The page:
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Before the printing press made books cheap and easily available, books in the Middle Ages were incredibly scarce and precious. Without a method to mass produce, each book had to carefully copied by hand that took thousands of hours of skilled work. During the later middle ages, when publicly accessible libraries came into being, books were often chained to the shelves allowing the public to read, while at the same time safe-guarding the library’s valuable collection from potential thieves.

The chains were fitted to the corner or cover of the books via ringlets, and were long enough to allow the books to be taken from their shelves and read, but not removed from the library itself. Only the librarian could remove the books from the chain using a key. The books were typically shelved with their foredges facing the reader, rather than their spines. This may seem like the wrong way, but it did allow the books to be lifted down and opened without needing to be turned around, thus avoiding tangling the chain.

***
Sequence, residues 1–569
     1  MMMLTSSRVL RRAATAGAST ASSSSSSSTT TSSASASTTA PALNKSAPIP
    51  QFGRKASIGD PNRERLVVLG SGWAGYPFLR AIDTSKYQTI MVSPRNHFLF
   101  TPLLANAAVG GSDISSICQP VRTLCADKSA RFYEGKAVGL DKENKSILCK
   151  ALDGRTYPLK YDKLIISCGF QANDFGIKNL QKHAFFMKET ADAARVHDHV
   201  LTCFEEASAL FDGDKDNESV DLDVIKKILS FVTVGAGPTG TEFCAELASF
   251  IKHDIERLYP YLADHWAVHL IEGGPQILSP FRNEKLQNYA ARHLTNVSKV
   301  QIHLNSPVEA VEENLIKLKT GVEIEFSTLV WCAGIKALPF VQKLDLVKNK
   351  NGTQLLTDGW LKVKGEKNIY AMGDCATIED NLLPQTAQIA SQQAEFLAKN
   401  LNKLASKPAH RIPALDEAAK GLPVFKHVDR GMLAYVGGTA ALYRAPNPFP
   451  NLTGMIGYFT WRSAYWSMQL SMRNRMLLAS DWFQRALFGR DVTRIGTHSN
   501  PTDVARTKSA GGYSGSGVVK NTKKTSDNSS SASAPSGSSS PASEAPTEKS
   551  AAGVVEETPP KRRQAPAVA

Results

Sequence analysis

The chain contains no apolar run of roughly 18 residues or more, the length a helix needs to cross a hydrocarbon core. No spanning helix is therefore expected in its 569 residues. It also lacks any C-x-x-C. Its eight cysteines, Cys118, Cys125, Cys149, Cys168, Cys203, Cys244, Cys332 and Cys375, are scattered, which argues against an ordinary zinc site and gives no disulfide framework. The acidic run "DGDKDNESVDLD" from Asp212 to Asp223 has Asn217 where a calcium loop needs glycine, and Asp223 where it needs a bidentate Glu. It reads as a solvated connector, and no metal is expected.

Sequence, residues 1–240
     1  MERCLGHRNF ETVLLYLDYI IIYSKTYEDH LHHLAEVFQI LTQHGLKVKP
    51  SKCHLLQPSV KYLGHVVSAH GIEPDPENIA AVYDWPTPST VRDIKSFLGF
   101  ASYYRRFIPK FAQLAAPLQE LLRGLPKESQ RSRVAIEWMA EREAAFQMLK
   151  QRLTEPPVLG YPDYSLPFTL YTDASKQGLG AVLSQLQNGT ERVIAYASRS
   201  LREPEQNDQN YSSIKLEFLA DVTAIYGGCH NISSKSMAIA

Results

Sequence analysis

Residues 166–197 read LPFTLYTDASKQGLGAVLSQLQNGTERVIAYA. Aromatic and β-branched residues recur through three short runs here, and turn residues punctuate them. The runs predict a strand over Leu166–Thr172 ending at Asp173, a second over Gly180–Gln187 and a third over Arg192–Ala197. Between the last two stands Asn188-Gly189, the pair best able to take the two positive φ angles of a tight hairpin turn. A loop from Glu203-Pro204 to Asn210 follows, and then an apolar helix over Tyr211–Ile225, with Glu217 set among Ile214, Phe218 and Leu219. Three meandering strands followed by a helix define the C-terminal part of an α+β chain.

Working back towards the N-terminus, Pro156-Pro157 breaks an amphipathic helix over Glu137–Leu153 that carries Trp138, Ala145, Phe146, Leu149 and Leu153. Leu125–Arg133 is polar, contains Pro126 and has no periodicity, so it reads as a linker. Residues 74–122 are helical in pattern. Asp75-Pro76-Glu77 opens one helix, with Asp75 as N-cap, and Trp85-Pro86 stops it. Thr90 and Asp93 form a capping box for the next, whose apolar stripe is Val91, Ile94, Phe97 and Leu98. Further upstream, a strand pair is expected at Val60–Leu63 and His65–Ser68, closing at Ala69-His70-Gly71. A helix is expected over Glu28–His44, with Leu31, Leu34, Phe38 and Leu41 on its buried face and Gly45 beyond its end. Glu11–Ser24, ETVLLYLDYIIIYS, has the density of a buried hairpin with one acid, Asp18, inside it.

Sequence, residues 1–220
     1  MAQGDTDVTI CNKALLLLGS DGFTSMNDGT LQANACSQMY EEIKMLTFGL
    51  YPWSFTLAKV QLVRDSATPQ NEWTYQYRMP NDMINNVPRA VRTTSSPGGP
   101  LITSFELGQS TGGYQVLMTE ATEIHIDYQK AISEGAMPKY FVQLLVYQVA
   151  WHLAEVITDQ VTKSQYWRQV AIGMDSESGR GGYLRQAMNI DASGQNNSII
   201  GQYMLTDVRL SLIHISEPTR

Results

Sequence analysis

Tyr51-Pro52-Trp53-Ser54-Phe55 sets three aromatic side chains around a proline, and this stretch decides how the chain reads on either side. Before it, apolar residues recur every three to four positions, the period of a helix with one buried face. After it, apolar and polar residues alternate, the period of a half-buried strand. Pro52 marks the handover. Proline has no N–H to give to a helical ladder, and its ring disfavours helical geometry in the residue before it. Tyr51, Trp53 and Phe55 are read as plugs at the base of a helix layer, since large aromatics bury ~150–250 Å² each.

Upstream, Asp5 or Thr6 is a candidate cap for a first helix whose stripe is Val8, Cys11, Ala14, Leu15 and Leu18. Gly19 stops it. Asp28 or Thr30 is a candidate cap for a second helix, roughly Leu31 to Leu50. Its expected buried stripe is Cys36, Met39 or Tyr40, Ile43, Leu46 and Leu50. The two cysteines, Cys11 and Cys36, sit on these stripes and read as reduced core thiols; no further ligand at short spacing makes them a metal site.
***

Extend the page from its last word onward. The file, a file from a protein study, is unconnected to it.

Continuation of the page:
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A chained book from Guildhall Library, a former chained library in London. Photo credit

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© Amusing Planet, 2015.





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